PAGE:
Fall is a time of transition. The full bloom of summer ebbs. The earth almost seems to pull back into itself, conserving energy for the long winter ahead.
So too in our lives there is a time to pull back in. To conserve energy. We cannot always be in bloom.
For some resting in completion can be difficult. There is a push, a drive, to always achieve, always be moving on to the next thing. For others, it can be difficult to let go, wishing to dwell forever in the fullness of summer.
Practice taking rest. Practice letting go. Fall can be a time for reflection, for building up new resources. Transitions are not always easy. But like the changing of the seasons, in embracing them we may find beauty.
Tips for Fall
Prepare for SAD (seasonal affective disorder) if you are affected. Getting out in the early morning to take in more daylight, light therapy using artificial sun lamps and increased vitamin D intake are non-traditional interventions. But don’t forget the help of a good therapist and antidepressant medication if needed.
Use rituals to mark the change in season. Routine and ritual can help ease transition. One idea: journal on what you are letting go of and what you hope to work on, after rest, in the seasons to come. Collect leaves, one each, to symbolize what you plan to let go of. Let them go by floating them down a stream or letting them burn in a fire. Save seeds, one each, for what you plan to grow in the coming seasons. Store them in a decorative box or jar in a cherished place. Bring them out to plant in the next growing season.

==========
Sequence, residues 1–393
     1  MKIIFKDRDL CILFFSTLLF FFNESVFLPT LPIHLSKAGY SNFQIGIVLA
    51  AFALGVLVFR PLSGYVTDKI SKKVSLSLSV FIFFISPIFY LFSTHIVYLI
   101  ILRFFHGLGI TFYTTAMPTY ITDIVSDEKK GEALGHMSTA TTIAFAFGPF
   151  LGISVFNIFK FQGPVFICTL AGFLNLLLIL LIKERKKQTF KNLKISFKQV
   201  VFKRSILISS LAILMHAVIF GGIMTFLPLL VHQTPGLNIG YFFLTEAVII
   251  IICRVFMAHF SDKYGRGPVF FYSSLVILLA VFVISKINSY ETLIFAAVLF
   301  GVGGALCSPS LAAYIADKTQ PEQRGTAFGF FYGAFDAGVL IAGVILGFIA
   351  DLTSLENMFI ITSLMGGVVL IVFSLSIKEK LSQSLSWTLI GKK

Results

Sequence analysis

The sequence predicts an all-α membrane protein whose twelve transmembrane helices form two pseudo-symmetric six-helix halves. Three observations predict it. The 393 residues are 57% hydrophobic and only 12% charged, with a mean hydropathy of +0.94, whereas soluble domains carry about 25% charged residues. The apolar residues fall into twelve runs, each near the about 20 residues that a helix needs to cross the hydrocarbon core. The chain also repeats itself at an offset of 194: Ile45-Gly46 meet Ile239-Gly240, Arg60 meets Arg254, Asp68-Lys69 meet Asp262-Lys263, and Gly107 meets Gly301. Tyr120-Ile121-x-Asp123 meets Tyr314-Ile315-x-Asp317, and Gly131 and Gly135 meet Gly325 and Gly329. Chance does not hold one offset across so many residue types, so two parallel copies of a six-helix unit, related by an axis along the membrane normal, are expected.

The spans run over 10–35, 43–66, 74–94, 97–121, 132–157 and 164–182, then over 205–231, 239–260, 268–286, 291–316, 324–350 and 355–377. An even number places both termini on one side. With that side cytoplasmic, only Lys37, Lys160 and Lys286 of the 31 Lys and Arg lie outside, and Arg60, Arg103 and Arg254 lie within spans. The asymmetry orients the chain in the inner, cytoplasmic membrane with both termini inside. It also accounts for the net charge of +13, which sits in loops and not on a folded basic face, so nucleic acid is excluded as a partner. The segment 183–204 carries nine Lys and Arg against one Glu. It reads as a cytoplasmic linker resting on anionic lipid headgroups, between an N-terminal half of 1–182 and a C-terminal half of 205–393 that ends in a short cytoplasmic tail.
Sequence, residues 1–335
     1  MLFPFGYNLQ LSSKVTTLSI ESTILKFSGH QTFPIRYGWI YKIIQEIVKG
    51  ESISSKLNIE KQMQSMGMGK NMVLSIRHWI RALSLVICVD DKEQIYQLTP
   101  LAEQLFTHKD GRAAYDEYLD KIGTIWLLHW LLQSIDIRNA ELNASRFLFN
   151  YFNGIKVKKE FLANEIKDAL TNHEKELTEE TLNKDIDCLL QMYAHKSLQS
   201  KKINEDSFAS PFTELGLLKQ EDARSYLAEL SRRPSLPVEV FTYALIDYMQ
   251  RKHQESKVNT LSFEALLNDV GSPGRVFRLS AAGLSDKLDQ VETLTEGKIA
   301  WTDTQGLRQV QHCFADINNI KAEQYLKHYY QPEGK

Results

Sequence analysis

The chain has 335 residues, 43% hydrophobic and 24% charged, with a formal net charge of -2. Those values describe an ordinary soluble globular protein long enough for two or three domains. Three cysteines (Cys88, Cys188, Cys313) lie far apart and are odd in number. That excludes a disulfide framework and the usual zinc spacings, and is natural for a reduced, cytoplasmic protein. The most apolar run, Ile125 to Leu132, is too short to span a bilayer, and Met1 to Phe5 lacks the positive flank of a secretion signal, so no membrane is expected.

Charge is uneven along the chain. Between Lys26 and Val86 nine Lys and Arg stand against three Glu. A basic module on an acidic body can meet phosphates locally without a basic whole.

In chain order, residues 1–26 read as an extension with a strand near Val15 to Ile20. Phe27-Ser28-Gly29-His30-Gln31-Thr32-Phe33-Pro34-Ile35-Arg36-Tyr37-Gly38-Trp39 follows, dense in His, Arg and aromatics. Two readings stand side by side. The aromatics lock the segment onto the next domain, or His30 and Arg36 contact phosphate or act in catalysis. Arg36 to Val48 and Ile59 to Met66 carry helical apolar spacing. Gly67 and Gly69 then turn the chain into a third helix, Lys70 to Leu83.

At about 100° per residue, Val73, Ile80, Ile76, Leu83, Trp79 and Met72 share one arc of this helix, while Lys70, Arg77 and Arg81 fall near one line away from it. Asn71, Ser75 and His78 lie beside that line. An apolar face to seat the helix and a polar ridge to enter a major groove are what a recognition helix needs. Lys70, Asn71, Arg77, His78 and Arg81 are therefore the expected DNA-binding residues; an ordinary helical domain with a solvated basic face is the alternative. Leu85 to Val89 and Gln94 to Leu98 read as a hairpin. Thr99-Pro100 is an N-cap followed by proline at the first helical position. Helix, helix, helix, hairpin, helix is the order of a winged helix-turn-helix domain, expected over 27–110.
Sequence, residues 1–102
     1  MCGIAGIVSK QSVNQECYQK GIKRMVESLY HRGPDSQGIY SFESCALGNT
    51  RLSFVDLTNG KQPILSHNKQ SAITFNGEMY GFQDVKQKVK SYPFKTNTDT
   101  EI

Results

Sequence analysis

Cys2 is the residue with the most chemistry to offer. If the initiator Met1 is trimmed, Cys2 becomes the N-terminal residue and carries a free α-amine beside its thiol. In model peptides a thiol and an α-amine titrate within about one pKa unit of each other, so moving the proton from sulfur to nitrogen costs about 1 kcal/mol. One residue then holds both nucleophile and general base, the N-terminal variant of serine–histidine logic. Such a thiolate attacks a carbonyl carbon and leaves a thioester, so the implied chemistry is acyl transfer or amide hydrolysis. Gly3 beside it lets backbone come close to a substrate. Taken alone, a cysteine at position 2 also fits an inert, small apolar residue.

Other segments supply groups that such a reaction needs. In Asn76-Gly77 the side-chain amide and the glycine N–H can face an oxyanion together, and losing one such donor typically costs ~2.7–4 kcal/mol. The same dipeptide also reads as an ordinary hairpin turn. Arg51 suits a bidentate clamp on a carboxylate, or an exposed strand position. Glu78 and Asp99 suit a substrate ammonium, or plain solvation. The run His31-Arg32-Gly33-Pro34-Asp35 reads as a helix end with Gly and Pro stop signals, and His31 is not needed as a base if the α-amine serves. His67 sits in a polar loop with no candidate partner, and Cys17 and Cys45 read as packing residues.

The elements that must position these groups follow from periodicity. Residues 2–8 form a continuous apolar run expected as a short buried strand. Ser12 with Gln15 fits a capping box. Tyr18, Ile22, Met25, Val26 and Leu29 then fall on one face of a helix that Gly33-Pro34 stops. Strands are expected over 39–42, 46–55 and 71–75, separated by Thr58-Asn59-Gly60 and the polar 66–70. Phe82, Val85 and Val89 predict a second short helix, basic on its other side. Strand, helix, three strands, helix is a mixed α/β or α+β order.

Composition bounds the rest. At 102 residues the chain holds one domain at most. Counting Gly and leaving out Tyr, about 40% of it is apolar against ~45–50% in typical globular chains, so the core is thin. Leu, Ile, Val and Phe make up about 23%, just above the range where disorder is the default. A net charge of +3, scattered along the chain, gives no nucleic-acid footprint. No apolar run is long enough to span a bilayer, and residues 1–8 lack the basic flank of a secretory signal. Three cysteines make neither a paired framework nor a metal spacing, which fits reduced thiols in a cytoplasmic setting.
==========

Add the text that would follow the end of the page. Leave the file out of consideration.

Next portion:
Soak in all the comforts of Fall. Warm tea, cocoa, and spiced cider, fuzzy blankets, crisp sunny days, bonfires, harvest holidays, baked goods, warm hearty meals. Enjoy traditions, or make new ones! In my family, we have a Fall bonfire centered around remembering family members who have died. We originally called it “Dead Guy Roast” at a tribute to my late Uncle and his mischievous spirit, and now it has become a more general celebration and reason to get together. I know of others who look forward to Fall for the mushroom hunting opportunities in Western Oregon, or small gatherings with friends in front of the fireplace. Marking the seasons with these rituals and traditions can bring comfort and warmth to the season. (A special note for those who are part of the dominant culture: It’s common to be drawn to the cultural traditions and celebrations of others, however it is important to only participate in spaces where outsiders are welcome, act respectfully, and avoid appropriation. For detailed considerations when celebrating holidays that are not from your own heritage/tradition, read more: Celebrating Día de Muertos Without Appropriating, How to not be offensive this Día de los Muertos)
Fall beauty captured by @oregonpoppy [instagram]